Top 10 coffee companies in the world
Coffee is increasingly becoming known as ‘black gold’. Judging by the piles of cash made by the below organisations which we have ranked by revenue, it is easy to see why
10 | Dutch Bros – $415mn
The United States’ largest ‘drive-thru’ coffee chain, Dutch Bros boasts 284 stores across seven Western states and made an estimated $415mn in revenue last year. Founded by two dairy farmers in Oregon in 1992 (the company’s name explains their descent and relationship alike), they swapped cow manure for coffee beans and never looked back. Nowadays, the firm donates more than $2mn each year to non-profits, including the Muscular Dystrophy Association, in honour of one of the ‘bros’, Dane Boersma, who passed away from Lou Gehrig’s disease in 2009.
9 | The Coffee Bean & Tea Leaf – $485mn
What started life as a coffee service for offices in 1963 is now, more than half a century later, a chain that spans 1,000-plus stores in 32 countries; as far afield as Paraguay, Egypt, Brunei and Saudi Arabia. A staple of popular culture, Coffee Bean was a regular fixture on HBO’s ‘Entourage’, while the first branch in Brentwood, Los Angeles, counted the likes of Lee Marvin, Jacques Cousteau and Ronald Reagan as patrons. The company boasts an estimated revenue of $485mn.
8 | Caribou Coffee – $500mn
A Minnesota-based company that was launched in 1992 when its founder, John Puckett, quit his career as a management consultant to become a coffee entrepreneur. Since 2012, Caribou has been owned by German conglomerate, JAB Holding Company (prepare yourself for a great deal of JAB jabber on this list), with 80 US stores promptly converted to branches of another JAB vehicle, Peet’s (see no.6). Today, Caribou Coffee brings in $500mn in revenue.
7 | Dunkin' Donuts - $662.5mn
“America runs on Dunkin’,” goes the famous slogan, yet with more than 12,000 stores in 36 countries, you could certainly argue a whole slew of nations do. Though the company name makes no mention of coffee, a cup has formed part of the Dunkin’ logo since the early 1960s and the black stuff represents more than 60% of its annual revenue, which last year totalled $662.5mn.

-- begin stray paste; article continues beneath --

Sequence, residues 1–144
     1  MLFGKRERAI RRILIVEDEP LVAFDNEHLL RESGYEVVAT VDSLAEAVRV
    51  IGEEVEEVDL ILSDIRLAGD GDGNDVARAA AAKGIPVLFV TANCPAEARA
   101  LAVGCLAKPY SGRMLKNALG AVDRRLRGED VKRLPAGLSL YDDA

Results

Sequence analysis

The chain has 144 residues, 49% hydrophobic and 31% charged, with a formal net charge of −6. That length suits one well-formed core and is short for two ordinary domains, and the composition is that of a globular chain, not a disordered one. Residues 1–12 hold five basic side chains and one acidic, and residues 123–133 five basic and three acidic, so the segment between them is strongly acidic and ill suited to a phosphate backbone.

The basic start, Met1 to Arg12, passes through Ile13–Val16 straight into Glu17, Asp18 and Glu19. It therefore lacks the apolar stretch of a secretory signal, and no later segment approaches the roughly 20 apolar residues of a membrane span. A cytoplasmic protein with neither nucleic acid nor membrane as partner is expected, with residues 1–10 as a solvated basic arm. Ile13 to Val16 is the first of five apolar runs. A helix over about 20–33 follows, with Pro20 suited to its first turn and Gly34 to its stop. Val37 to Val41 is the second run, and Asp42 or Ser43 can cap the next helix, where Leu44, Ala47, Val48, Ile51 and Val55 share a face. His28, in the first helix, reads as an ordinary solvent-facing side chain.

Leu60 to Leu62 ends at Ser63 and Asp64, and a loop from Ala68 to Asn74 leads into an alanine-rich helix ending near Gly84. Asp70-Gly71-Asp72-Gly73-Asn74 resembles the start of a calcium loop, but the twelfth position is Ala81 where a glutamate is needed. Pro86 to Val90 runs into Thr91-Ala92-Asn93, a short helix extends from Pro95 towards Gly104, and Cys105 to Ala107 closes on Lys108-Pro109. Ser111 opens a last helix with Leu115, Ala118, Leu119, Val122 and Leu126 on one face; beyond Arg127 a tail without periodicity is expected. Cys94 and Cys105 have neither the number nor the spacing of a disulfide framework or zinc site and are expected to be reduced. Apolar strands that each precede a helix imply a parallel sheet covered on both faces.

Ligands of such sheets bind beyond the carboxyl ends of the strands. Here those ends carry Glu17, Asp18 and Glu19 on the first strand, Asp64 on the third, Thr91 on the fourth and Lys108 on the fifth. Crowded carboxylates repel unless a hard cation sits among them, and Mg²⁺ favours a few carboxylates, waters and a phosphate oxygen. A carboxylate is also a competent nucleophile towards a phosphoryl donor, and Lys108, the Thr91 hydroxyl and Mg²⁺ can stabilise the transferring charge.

6 | Peet’s Coffee – $800mn
Originally a coffee bean – not final-cup – vendor, the first branch of what was then Peet’s Coffee, Tea & Spices opened in Berkley, California in 1966. The original owner, Alfred Peet, sold up in 1979, and the business changed hands a few times before being subsumed by JAB Holding Company in 2012. Since then, under the JAB umbrella Peet’s has acquired Mighty Leaf Tea, Stumptown Coffee Roasters and Intelligentsia, growing to a revenue of $800mn.
5 | Costa Coffee
The UK’s answer to Starbucks (if you don’t count Starbucks, that is) boasts $1.7bn in revenue. Costa has more than 2,200 stores throughout the United Kingdom, with a further 1,280 overseas. Costa Express vending machines are also a common fixture in British shops and petrol stations. In 2017, it became the first global coffee chain to deliver coffee by drone – to customers sunning themselves on beaches in Dubai.
4 | Lavazza - $2.4bn
The oldest company to grace this list – and by a fair stretch, too – Lavazza was founded as a family business in Turin in 1895 and is now run by third and fourth generations of the Lavazza clan. With a revenue reaching $2.4bn, the company has a fleet of coffee shops and store-sold coffee beans in 90 countries. The brand is championed as “Italy’s Favourite Coffee”, with 16mn out of 20mn families in Italy choosing the brand – according to Lazada.
3 | Panera Bread - $2.8bn
Founded in Missouri as St. Louis Bread in 1987, the firm was bought by Au Bon Pain Co. in 1993, transforming it to Panera (Latin for ‘bread basket’) in 1997. Au Bon Pain Co. sold its other chains (including its eponymous coffeehouse, Au Bon Pain), and Panera went stratospheric. In an odd twist, the company was acquired by JAB Holding in April 2017, and late last year Panera struck a deal to buy Au Bon Pain, with the amount of dough involved in the deal remaining undisclosed – we do know, however, that Panera boasts a revenue of $2.8bn.
2 | Tim Hortons - $3bn
The brainchild of ice hockey player, Miles Gilbert ‘Tim’ Horton, is now Canada’s largest quick-service restaurant chain, with 4,600-plus outposts in nine countries. Having partnered with Horton three years after launch in 1967, investor Ron Joyce took the helm following the hockey star’s untimely death in 1974, expanding the chain into a multimillion dollar franchise which reports $3bn in revenue. In 2014, Tim Hortons was acquired by Burger King for a whopping $11.4bn.
1 | Starbucks - $22.38bn
An unsurprising top competitor owing to its $22.38bn revenue figure which is almost 7.5 times that of the nearest competitor, to many around the world Starbucks simply is coffee. Founded in Seattle in 1971, Starbucks led the charge of ‘second wave coffee’, and today has over 27,000 stores worldwide; with a third of these located overseas. Between 1987 and 2007, the coffee conglomerate opened an average of two stores every day.